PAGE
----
Confidence in the current job market seems to be holding steady, but not strengthening. Our results for the last quarter show that over 70% of our delegates resettle within 6 months. In fact, 60% of our delegates who resettled into employed work took just three months to find a new position – but the proportion successfully finding another external role reduced in favour of more finding a job in their existing organisation.
Since our delegates are almost always at the stage of having been put at risk of redundancy, this may seem surprising. It suggests one of two things. Either a failure to thoroughly check whether a suitable alternative vacancy exists prior to suggesting redundancy, or new roles being accepted within the same organisation are not obvious, perhaps not even suitable, alternatives to the existing role. A third option may be that only as they begin to work with Chiumento do our delegates start to realise and explore their potential to offer something more where they are. Sadly our statistics do not allow further probing to discover which of these is true and I suspect it is a combination of all three.
Supporting evidence instead lies in discussion with our HR contacts. It is clear that many line managers have for some time been shying away from open career discussions with their staff. Recession made such discussions harder. With simply no ‘good news’ to share and little to offer to their star performers, career conversations have been avoided. As a result, often staff have no idea how to ‘get on’ in their organisation, what the process and senior management attitude to seeking progression is, or even what jobs might be available. Their fear is that by applying for an internal move you may be taking a big risk. If you don’t get the job, will you become ‘persona non grata’ in your existing team?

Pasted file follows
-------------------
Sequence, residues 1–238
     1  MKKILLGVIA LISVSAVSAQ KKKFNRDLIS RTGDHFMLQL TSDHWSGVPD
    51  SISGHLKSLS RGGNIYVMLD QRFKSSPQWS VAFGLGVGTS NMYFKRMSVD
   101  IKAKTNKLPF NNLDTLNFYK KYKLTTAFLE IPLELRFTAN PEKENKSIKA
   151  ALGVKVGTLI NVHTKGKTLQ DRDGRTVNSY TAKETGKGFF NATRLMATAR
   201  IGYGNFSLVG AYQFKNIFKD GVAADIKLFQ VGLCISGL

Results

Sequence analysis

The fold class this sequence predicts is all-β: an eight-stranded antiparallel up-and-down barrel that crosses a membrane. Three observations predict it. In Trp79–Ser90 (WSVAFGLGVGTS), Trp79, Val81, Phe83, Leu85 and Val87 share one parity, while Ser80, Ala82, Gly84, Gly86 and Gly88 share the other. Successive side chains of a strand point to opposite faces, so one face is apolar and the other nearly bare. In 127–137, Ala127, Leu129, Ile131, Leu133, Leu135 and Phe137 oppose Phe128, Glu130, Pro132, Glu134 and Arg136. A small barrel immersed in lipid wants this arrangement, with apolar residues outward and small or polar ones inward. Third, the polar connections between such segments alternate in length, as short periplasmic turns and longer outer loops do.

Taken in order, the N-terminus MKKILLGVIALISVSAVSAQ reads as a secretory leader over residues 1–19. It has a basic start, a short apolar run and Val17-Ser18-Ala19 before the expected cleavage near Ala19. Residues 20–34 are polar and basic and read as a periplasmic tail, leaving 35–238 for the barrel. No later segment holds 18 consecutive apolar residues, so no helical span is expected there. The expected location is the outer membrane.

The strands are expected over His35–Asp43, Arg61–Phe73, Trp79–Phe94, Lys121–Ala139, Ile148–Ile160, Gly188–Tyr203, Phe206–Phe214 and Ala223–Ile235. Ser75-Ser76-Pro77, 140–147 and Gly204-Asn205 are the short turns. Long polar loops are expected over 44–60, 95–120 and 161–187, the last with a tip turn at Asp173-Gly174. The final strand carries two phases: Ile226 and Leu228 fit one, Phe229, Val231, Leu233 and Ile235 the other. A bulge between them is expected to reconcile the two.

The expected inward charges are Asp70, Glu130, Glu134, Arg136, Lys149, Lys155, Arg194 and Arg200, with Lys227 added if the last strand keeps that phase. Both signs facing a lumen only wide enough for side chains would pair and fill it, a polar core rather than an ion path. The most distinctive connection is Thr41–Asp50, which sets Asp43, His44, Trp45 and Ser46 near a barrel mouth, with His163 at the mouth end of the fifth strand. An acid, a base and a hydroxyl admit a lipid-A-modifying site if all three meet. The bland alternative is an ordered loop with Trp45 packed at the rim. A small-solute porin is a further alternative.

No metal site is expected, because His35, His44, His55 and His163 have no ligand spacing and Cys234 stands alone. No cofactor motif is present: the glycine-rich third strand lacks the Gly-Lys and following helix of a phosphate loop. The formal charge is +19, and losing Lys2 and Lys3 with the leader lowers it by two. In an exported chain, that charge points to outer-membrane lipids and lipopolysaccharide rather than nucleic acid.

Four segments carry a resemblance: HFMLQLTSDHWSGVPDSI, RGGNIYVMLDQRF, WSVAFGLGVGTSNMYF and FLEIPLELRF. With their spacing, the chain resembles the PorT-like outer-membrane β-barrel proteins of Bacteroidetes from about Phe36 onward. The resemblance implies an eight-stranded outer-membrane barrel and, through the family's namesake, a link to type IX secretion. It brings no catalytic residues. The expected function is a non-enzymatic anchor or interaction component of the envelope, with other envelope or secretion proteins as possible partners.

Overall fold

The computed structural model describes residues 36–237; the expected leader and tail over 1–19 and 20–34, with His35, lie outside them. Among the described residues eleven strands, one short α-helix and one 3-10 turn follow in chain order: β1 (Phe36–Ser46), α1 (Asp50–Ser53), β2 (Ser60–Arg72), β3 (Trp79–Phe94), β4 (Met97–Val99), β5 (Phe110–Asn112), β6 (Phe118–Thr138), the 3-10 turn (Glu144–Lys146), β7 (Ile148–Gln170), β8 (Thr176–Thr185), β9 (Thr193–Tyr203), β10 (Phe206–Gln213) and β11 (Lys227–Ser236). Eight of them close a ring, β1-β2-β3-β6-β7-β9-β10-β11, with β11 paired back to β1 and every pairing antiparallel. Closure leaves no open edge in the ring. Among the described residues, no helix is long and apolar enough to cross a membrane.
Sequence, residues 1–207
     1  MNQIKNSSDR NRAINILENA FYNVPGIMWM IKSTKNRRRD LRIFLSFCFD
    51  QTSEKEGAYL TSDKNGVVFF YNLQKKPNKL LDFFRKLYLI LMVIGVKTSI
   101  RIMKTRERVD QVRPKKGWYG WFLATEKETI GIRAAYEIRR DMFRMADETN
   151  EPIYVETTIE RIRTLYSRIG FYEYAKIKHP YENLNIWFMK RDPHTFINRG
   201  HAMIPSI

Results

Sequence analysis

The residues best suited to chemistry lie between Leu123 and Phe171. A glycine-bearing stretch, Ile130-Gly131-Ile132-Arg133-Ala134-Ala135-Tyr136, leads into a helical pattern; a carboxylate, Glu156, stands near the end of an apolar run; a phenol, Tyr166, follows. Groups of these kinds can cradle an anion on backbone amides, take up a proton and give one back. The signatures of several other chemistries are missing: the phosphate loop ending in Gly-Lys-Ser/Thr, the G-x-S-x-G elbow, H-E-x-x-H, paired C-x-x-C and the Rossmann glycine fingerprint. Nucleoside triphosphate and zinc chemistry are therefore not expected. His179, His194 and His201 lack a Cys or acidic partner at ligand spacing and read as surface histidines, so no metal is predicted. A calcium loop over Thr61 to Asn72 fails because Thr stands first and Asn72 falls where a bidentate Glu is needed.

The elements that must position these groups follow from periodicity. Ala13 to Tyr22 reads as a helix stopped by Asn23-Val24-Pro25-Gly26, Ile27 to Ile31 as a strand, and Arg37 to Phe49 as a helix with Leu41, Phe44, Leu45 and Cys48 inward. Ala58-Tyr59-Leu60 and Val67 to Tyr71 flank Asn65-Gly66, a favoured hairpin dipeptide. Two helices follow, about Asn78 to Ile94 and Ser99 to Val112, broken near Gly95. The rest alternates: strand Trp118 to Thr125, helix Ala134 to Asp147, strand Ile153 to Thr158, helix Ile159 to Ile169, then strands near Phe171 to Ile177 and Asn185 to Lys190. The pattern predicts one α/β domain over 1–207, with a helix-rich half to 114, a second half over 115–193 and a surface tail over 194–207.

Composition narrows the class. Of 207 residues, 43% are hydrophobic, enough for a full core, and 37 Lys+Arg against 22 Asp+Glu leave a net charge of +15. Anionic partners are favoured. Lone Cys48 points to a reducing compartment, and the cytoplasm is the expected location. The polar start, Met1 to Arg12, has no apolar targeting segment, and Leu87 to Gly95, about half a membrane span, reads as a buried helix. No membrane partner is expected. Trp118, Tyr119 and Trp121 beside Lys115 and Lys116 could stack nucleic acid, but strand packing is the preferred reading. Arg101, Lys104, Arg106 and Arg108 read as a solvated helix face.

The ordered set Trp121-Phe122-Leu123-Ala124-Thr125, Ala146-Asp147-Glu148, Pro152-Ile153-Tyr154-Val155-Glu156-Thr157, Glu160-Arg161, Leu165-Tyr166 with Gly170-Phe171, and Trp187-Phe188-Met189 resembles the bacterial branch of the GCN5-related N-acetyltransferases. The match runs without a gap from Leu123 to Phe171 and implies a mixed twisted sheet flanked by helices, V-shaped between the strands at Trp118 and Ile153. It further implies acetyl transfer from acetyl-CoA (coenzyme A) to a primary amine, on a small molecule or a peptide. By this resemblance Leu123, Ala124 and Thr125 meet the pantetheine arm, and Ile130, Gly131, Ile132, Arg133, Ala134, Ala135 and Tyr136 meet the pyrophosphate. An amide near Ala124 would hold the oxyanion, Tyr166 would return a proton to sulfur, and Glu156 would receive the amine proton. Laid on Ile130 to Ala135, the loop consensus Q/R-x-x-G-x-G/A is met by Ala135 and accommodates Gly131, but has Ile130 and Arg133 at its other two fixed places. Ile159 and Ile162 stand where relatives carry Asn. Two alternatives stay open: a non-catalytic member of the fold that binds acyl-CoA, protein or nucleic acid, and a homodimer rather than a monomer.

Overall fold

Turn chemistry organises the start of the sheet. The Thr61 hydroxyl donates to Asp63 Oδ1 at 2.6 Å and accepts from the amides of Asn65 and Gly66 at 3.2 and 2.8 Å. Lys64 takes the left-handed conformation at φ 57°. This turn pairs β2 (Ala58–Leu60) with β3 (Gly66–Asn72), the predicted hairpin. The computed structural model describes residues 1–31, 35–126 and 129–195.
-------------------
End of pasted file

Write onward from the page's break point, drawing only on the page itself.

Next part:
Such has been the impact of redundancies over recent years that many of us are afraid to put our heads above the parapet. Asking for promotion, seeking a change of scenery, driving yourself to learn new skills all draw attention to you. Yet in this fast-moving world, all of these things are essential to drive a truly successful organisation. One where employees have broad knowledge of the business and a good understanding of how things work and how they can get on. One where they are also offered every chance to develop their skills to be relevant as well as leading edge, even if that does mean moving sideways.
Revisiting our statistics, there is evidence of the temptation for some to move instead in the direction of self-employment. The self-employment/contract/interim options amount to choices made by almost 30% of our delegates both this quarter and the last. Extrapolated out, that amounts to a significant proportion of the working population although the last government statistics talk of a figure closer to 15% – my suspicion is this figure is rapidly on the increase.
In my own experience, I have seen interest in self-employment, once a route more popular among those in the twilight years of their careers, become an increasingly attractive option to the younger generation. New ‘co-working’ office facilities are springing up in London in particular, but also across the country. They offer relatively low cost serviced facilities at affordable prices in prestige locations. Not just a desk and place to work, but also equipped meeting rooms, private booths for video or teleconferencing, free tea and coffee facilities and full connectivity. This creates a vibrant atmosphere providing opportunities to collaborate and develop by learning from other users.
They boast of their support for entrepreneurial spirits, and are attractive particularly but not exclusively to those in the hi-tech and service functional areas. Some even provide topical development, social activities and support for personal wellbeing including yoga classes and the like. And all for an affordable, easily set up and cancelled monthly fee.
It’s a far cry from the typical serviced office epitomised by the likes of Regus and MWB, and recognises the trend away from a permanent fixed abode to embrace a more flexible, fluid and virtual world that still acknowledges the need for interaction and collaboration and is affordable for new start-ups.
When you think about it, why wouldn’t most service companies move in that direction? What stops them from allowing staff to find their nearest local facility and working from there? The environmental impact and reduced stress in travel to work times is evident, and it also embraces some people’s preference to have the option of working from home – another growing trend.
A combination of home-based working with a flexible office desk facility seems to be the way forward – using cloud based systems that facilitate the dream for many of us in this technological age – to work in the Martini way: ‘anytime, anyplace, anywhere’.